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#1 Guillaume Vallee

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Posted 24 November 2008 - 11:27 PM

Hi folks. I just bought some Kodak developer D-76 from a guy and I was wondering if I can hand-process black and white film with it.
Thanks :)
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#2 Brian Pritchard

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Posted 25 November 2008 - 04:44 AM

Hi folks. I just bought some Kodak developer D-76 from a guy and I was wondering if I can hand-process black and white film with it.
Thanks :)

There is no reason why you can't use it, provded it is fairly fresh. I assume it is a powder, if it is a solution then it might not be much good if it has been around a while as it could have oxidised.
D76 is a standard Kodak formulation for stills negative. The motion picture equivalent, D96, has a slightly different formualtion for use in a continuous processing machine.
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#3 Guillaume Vallee

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Posted 25 November 2008 - 11:44 PM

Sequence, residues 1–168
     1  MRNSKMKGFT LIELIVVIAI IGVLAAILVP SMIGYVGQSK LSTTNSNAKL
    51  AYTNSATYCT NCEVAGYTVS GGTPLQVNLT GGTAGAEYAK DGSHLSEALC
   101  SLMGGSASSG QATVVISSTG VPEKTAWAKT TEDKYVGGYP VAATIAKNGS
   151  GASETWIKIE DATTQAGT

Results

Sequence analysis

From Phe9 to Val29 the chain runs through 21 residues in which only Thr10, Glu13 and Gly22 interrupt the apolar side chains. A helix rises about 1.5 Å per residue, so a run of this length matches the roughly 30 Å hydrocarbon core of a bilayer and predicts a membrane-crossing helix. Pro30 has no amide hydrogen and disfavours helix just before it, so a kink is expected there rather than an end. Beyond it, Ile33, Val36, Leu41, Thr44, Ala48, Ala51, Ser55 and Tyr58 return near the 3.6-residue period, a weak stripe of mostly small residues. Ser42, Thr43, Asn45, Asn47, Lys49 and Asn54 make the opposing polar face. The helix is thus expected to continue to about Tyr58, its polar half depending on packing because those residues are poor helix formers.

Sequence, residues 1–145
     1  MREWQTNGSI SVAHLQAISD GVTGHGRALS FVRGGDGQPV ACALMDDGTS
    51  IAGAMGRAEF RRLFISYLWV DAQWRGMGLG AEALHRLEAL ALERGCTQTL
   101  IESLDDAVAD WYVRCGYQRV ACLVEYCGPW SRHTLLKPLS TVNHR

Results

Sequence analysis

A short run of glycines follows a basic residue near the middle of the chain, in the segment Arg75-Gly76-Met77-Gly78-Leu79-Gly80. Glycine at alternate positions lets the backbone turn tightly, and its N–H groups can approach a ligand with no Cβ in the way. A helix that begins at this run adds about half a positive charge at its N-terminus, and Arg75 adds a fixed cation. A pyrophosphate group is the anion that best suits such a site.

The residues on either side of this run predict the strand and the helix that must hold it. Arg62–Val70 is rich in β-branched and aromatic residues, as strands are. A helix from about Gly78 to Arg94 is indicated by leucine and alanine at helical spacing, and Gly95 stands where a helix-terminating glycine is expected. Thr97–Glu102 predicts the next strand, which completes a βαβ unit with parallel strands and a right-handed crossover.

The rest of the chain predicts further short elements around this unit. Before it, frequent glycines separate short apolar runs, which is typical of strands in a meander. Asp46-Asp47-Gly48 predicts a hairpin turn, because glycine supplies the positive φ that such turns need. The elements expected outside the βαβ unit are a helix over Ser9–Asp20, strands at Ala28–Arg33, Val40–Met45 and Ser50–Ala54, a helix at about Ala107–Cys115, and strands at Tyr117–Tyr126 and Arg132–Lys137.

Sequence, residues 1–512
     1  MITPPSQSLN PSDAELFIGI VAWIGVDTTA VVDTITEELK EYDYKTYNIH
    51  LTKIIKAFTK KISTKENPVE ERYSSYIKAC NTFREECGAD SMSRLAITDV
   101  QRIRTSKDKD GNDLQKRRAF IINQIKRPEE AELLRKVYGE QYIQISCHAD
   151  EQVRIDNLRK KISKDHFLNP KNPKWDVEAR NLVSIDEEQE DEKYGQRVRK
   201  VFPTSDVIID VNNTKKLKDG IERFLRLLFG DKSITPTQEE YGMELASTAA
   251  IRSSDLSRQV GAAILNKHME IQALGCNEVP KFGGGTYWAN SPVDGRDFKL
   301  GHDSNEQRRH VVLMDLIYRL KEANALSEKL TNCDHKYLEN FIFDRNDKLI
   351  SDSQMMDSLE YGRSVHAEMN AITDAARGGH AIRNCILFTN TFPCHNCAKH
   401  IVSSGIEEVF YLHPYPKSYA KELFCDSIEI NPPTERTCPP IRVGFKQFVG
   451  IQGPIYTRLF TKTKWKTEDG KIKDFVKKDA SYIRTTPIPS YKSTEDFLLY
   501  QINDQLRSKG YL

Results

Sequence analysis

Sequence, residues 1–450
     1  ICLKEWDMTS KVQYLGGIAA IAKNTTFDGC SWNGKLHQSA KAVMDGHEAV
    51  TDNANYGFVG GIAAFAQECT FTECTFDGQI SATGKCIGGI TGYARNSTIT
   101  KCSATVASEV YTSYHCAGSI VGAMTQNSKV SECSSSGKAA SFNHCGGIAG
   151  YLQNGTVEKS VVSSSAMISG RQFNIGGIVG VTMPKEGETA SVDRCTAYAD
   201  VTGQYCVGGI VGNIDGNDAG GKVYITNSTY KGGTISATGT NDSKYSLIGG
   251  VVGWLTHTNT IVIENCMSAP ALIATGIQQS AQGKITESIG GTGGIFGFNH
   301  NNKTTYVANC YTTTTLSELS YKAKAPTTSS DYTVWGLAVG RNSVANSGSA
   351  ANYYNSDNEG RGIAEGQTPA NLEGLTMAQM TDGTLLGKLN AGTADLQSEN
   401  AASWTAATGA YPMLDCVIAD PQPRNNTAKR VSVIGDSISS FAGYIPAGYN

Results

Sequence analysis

Ok thank you !

I'm not use with black and white processing. Does anybody have a formula for this kind of process (even if it's home-made). :D
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#4 Brian Pritchard

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Posted 26 November 2008 - 09:08 AM

Ok thank you !

I'm not use with black and white processing. Does anybody have a formula for this kind of process (even if it's home-made). :D


Have a look at this document on the Kodak website;

http://motion.kodak....h2415_h2415.pdf

It will tell you most of what you want to know. Otherwise any good photographic manual will tell you about processing. Motion Picture is just like Stills except the film is in longer lengths.